Laudable Linkage

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Here are some noteworthy reads found this week.

From Meat to Meta: Facebook’s Disincarnate Dreamworld, HT to Challies. “For those who labour under the Enlightenment (and latterly Zuckerbergian) prejudice that ideal reality is immaterial and universal, the notion that God could have a body is quite a scandal. But it is deeply, deeply good news that the Word ‘became’ flesh.”

Life Beyond the Spiritual Shallows. “There is a depth to God’s character that cannot be assessed with quick glances and fleeting thoughts. We will never become the kind of women who face the lion’s den without a deep understanding of God’s character. We will never know that depth if we cannot find ways to circumnavigate our brain’s wiring and study God’s Word for longer than eight second bursts.”

Should We Pursue Self-Love? HT to Challies. “God acknowledges the reality of self-love, but He certainly does not teach it as a Christian virtue to be cultivated. Rather, it is an existing reality, necessary for our survival, in some respects healthy, but in other ways very much tainted by our sin. Our instinct to take care of ourselves is something we are to extend to others, that we might lovingly take care of them.”

When You Are Wrongly Accused: 5 Things to Do. “What can we do when we are wrongly accused? Either directly or indirectly? When someone we know is telling us we are a bad person, exhibiting bad behavior that we are not responsible for, have ruined something way beyond our control, or have a pattern of wrong deeds and we feel it simply is not true. Before you start responding to their accusations, you want to ask yourself a few questions.”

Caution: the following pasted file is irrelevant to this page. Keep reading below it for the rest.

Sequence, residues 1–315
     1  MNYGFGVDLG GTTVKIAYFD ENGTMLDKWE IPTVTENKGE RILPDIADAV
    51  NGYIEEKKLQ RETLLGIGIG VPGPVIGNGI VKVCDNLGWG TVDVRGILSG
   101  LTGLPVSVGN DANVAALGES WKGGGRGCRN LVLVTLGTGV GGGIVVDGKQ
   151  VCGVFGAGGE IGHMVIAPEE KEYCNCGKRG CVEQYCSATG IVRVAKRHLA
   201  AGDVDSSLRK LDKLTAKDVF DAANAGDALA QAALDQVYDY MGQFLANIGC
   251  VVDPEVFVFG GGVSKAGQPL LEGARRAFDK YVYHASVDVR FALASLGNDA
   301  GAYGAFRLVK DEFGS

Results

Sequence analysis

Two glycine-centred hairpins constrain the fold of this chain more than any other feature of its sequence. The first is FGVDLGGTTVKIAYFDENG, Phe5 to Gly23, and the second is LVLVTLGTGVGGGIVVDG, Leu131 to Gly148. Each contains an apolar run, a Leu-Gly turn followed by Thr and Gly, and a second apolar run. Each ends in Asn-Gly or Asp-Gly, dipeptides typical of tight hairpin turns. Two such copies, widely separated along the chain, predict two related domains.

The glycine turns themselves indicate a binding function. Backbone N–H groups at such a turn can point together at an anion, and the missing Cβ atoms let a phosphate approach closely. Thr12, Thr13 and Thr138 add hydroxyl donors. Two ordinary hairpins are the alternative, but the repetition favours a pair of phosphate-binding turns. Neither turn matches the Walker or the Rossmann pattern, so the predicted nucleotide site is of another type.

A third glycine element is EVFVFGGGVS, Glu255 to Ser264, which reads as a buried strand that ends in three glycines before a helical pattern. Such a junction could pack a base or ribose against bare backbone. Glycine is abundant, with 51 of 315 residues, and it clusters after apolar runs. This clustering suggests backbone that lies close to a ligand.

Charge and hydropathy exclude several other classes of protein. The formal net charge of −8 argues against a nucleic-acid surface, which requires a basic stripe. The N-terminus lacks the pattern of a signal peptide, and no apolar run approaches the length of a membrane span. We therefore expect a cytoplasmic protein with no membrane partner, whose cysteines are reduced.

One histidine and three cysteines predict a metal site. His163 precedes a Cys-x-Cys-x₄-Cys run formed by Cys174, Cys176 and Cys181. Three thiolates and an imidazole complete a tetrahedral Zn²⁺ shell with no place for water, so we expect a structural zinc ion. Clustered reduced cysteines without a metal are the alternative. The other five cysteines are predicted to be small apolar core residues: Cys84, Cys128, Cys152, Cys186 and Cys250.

Two Important Principles for Trusting God: Commas and Periods. “Clearly, punctuation matters when giving instructions. It’s even more important when it comes to trusting God. Understanding and embracing the principles of God’s punctuation can give us peace—and even joy—in the waiting.”

Night Watch, HT to Challies. “Night watch. Our God neither slumbers nor sleeps (Psalm 121). And sometimes He wakes us in the night. To watch and pray. I remember when the two emails arrived. One after the other. To our inbox in Karachi. Same time. Same message. Traveling across the world. From opposite sides of the United States.”

Dividing Lines: Beware of “Us vs. Them.” “The Bible separates people into just two categories as well: those who are in Christ and those who aren’t. But this important distinction does not give us permission to attack people who don’t agree with us. In fact, Jesus told a parable about a religious person who did just that.”

This moving video, shared by Lisa, is titled Before You Call the Cops. This man had an experience when, just seeing him, a woman reacted in fear. He encourages us to get to know each other and not fit everyone into stereotypes.

Laudable Linkage

A collection of good reading online

Here are some of the most noteworthy reads discovered recently: